01-06-15 07:53 PM
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  1. AhmadCentral's Avatar
    I'd build a next gen Z10, maybe call it the Z11 and keep the internals exactly the same except add a bigger battery. Z10's at the very end were being sold in Canada for $149 off contract. I'm not sure if they could feasibly build a Z11 and sell it for $149 off contract. But if it is doable then they should seriously look at it. Same goes for the Z30. Make a Z31. Keep the internals the same, but bump up the screen res and sell it for $199 off contract. The components in those phones are fairly old now and shouldn't cost an arm and a leg.
    The issue is that it costs a lot of money to first of all develop a smartphone, secondly it costs a lot of money to produce a smartphone.

    Sure they could manufacturer loads for low cost + sell them cheap in order to turn a small profit. But what if they don't sell? Well we could have another Z10 situation where stock is written off.

    The alternative is they could manufacturer a small amount at a time, this will result in higher production costs and it's much harder to sell at a cheap price as the profit margin will be very very low if not non existent.

    So that's the issue. And when Blackberry aren't making much money on services anymore in the consumer market then it's hard to just rely on cheap hardware.
    01-01-15 12:42 PM
  2. Glenn Biddle's Avatar
    I'd build a next gen Z10, maybe call it the Z11 and keep the internals exactly the same except add a bigger battery. Z10's at the very end were being sold in Canada for $149 off contract. I'm not sure if they could feasibly build a Z11 and sell it for $149 off contract. But if it is doable then they should seriously look at it. Same goes for the Z30. Make a Z31. Keep the internals the same, but bump up the screen res and sell it for $199 off contract. The components in those phones are fairly old now and shouldn't cost an arm and a leg.
    I'm pretty sure that's what they are doing, only it will be called a Z20.

    Posted via CB10
    01-01-15 01:02 PM
  3. LuvULongTime's Avatar
    I'm pretty sure that's what they are doing, only it will be called a Z20.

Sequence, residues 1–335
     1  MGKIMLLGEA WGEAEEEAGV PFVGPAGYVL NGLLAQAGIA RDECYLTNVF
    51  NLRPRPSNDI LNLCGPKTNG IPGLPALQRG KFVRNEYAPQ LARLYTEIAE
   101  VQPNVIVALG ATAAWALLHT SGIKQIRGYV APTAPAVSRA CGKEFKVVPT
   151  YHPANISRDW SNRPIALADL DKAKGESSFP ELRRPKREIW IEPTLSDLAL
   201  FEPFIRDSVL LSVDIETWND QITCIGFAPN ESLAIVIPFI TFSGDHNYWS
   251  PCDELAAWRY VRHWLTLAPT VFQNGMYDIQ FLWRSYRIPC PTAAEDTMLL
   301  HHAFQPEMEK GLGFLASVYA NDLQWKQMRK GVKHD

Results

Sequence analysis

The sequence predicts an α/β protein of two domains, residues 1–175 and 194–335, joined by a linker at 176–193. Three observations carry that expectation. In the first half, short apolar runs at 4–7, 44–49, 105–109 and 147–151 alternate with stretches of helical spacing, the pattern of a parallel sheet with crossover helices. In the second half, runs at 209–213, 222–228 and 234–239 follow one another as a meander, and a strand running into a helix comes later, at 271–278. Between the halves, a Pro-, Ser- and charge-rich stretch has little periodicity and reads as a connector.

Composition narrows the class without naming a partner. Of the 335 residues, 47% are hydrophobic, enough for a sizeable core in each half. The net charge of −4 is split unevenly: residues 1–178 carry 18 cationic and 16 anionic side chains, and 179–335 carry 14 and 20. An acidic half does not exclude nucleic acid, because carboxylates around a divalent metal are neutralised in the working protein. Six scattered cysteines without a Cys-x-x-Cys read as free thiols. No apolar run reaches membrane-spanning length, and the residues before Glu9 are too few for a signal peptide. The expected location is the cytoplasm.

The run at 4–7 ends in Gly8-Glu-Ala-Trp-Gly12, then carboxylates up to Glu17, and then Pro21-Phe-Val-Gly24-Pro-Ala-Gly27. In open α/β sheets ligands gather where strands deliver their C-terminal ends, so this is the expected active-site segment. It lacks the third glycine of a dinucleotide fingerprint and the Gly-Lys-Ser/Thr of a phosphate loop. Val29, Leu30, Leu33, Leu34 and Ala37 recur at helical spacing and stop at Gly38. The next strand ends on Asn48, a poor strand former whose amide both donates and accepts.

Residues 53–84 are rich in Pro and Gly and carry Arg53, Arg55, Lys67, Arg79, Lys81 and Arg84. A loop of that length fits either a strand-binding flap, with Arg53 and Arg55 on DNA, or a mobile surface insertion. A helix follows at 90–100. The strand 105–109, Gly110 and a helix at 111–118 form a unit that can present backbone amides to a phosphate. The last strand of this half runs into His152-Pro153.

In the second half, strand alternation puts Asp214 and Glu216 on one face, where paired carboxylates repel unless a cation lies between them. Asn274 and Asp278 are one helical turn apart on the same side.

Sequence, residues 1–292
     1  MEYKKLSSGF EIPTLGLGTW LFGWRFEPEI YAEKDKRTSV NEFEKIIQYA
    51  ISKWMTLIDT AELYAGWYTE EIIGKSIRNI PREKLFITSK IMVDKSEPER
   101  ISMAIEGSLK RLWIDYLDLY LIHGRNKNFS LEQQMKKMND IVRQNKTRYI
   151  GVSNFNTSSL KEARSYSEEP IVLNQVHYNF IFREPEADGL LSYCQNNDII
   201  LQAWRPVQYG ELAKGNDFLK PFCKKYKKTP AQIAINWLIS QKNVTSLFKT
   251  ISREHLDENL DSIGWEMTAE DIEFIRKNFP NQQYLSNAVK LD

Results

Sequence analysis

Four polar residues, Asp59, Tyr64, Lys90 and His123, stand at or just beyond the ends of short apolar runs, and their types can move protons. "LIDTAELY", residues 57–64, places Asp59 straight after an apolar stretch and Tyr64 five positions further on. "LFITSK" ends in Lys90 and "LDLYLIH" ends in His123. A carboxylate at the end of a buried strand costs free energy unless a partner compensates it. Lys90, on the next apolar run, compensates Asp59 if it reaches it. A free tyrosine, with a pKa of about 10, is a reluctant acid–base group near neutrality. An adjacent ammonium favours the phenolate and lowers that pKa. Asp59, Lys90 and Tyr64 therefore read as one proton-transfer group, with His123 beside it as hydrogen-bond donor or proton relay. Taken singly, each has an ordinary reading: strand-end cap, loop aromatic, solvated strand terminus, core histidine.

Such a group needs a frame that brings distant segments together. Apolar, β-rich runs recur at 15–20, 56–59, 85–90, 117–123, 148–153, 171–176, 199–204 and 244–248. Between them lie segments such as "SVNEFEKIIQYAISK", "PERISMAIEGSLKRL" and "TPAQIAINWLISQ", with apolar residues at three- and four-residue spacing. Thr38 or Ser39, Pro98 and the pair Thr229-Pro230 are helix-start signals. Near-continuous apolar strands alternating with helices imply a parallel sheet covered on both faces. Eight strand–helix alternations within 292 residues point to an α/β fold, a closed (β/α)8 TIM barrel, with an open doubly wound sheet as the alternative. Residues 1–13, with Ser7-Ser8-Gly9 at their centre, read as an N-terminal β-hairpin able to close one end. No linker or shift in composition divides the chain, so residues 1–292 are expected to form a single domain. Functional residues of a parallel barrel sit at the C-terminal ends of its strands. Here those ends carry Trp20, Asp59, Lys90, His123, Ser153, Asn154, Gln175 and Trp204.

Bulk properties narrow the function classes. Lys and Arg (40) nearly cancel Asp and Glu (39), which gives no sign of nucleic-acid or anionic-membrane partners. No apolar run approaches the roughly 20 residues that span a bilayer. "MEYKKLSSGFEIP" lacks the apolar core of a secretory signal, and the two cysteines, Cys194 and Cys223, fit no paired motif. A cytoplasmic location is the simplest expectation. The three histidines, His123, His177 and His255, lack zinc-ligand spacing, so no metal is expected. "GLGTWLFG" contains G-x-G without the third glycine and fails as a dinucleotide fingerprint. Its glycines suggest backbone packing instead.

Posted via CB10
    Yup. But if the rumoured price of $299 is true then it is too expensive. That's why I mentioned keeping all the existing internals and just doing small but noticeable upgrades (display, battery) that won't require numerous retesting cycles.
    01-01-15 03:24 PM
  4. LuvULongTime's Avatar
    The issue is that it costs a lot of money to first of all develop a smartphone, secondly it costs a lot of money to produce a smartphone.

    Sure they could manufacturer loads for low cost + sell them cheap in order to turn a small profit. But what if they don't sell? Well we could have another Z10 situation where stock is written off.

    The alternative is they could manufacturer a small amount at a time, this will result in higher production costs and it's much harder to sell at a cheap price as the profit margin will be very very low if not non existent.

    So that's the issue. And when Blackberry aren't making much money on services anymore in the consumer market then it's hard to just rely on cheap hardware.
    All good points. There is no easy answer. With that said, it seems they were able to produce enough Z3's on an as needed basis all while keeping the cost at about $199 USD. If they could replicate that price tag and production formula with something a bit more advanced then that would be ideal. I think an under $200 starting price would get them a lot of looks.
    01-01-15 03:26 PM
  5. AhmadCentral's Avatar
    All good points. There is no easy answer. With that said, it seems they were able to produce enough Z3's on an as needed basis all while keeping the cost at about $199 USD. If they could replicate that price tag and production formula with something a bit more advanced then that would be ideal. I think an under $200 starting price would get them a lot of looks.
    That was thanks to Foxconn and selling in limited markets.

    The Z3 isn't and wasn't enough to make an impact. Especially in Indonesia where Blackberry market share has dropped from 50% to under 15%. In India the market share isn't even 1%.

    The logistics of selling these devices in other markets would push the price up off contract. It'll be interesting to see Blackberry's handset road map for 2015 and see if they do have any "Super Mid" devices or whether we're going to just see standard budget and high end models again.